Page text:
Ohio Attorney General Saves Almost $ 2 Billion Over HB6 Lifespan

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COLUMBUS, Ohio (WXIX) – Ohio Attorney General Dave Yost said he saved Ohioians nearly $ 2 billion over the life of the House Bill 6 nuclear rescue act through a series of lawsuits and other legal actions over the past year.

A year ago this week, the state’s chief prosecutor began to systematically detail “the corruption built into Bill 6 to prevent FirstEnergy Corp.”

“I have used, and will continue to seize, all the tools at the disposal of this office to dismantle this illegal bill and hold accountable those who were part of the unholy alliance,” Yost said Thursday. “Corruption has no place in Ohio, and it will be stopped at every turn – no matter who is involved.”

House Bill 6 was enacted in 2019 to raise $ 1.3 billion from “taxpayers” – Ohio residents – to subsidize two Ohio nuclear power plants owned by Energy Harbor, which was previously part by FirstEnergy.

The bill is at the center of a federal corruption case involving FirstEnergy, former Ohio House chairman Larry Householder, and their accomplices.

“I wanted to send a message that the consequences of political corruption are so high that no one tries again,” Yost said. “Political corruption doesn’t happen without private money – the person who pays is just as guilty as the person who receives.”

He brought a civil action against FirstEnergy, Householder and their known accomplices, seeking, he said, to right “the damage they have caused Ohio and to seek their personal profits through the scheme.”

The lawsuit marked the start of a series of lawsuits filed by Yost over the past 12 months aimed at ending FirstEnergy’s cash grab.

Yost also blocked FirstEnergy from collecting nuclear bailout money from residents, which would have provided Energy Harbor with $ 150 million a year in excess profits.

Ten days before Ohioans began paying the money, a Franklin County judge upheld Yost’s injunction.

In January, Yost sought to freeze guaranteed profits provided to FirstEnergy under HB6 via a so-called “decoupling” endorsement.

The provision was intended to allow FirstEnergy to adjust its tariffs to ensure the company matched the record profits it made in 2018, a year of extreme cold and extreme heat in Ohio each year.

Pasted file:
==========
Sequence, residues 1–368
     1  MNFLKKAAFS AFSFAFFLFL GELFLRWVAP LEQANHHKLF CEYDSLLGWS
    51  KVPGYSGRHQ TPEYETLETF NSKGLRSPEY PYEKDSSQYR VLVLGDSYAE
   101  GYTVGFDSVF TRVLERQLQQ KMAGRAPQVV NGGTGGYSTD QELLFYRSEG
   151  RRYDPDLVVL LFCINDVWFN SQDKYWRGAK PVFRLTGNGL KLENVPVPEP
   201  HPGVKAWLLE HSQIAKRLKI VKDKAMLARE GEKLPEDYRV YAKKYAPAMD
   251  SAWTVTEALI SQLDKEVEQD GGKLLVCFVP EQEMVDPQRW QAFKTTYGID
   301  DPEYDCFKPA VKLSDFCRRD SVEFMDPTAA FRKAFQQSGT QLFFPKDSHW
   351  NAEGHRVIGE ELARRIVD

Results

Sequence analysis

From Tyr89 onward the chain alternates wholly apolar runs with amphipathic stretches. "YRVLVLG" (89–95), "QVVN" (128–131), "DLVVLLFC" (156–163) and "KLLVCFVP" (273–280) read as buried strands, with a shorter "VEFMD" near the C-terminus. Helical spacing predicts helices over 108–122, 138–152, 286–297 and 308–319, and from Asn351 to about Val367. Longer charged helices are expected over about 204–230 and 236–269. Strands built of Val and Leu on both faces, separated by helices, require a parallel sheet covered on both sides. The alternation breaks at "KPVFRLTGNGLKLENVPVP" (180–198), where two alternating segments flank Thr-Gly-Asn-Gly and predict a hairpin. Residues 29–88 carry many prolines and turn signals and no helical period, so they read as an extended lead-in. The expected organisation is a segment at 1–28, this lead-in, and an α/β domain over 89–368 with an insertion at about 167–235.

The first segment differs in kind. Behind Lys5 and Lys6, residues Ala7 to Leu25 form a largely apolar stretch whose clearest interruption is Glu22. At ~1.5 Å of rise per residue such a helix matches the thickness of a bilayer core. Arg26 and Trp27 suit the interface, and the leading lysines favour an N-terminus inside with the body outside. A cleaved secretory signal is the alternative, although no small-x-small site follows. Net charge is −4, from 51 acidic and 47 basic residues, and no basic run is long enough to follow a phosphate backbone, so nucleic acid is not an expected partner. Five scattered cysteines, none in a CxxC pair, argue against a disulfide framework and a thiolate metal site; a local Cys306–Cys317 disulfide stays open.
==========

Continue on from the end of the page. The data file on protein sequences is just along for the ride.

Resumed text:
In response to Yost’s motion, FirstEnergy agreed to stop using the profit jumper, saving Ohio customers up to $ 1 billion through 2029, according to Yost.

“We had to stop the flow of money, which was the biggest part of the corruption,” Yost said. “You cut the hollow, you cut the corruption.”

In July, First Energy admitted in court records that it had paid $ 61 million into an account Householder controlled to switch to HB 6. The company agreed to pay a $ 230 million fine and plead guilty to a charge of wire fraud.

Federal investigators also announced that FirstEnergy admitted paying Sam Randazzo, the former chairman of the Ohio Utilities Commission, who resigned after the FBI raided his home in Columbus last year, a pot – $ 4.3 million in wine in 2019, just weeks before Governor Mike DeWine appointed him state utilities. regulator.

Yost said he learned that Randazzo was unloading properties, selling four with a combined value of almost $ 5 million and transferring a house worth more than $ 500,000 to his son for free.

He has received a court order ordering him to freeze nearly $ 8 million of Randazzo’s assets to hold them for possible state collection while the federal criminal investigation continues.

Randazzo has not been charged with any foul play and has denied any wrongdoing.

Pending the completion of the criminal proceedings, Yost’s civil case continues through informal fact-finding and defense of Randazzo’s appeal.

Yost says he is also monitoring the actions and assets of those named as defendants in this case “to see if further action is needed to preserve the assets in order to make Ohio whole.”

Householder and another alleged co-conspirator, former Ohio Republican Party Chairman Matt Borges, have pleaded not guilty to racketeering.

Their cases will be referred to Federal Court on October 5 for a status conference.

Two other people indicted in the scheme, its political strategist Jeff Longstreth and lobbyist Juan Cespedes, pleaded guilty last year to one count each of racketeering. They have not yet been sentenced.

Neil Clark, a GOP lobbyist, was also indicted but committed suicide in March in Florida.

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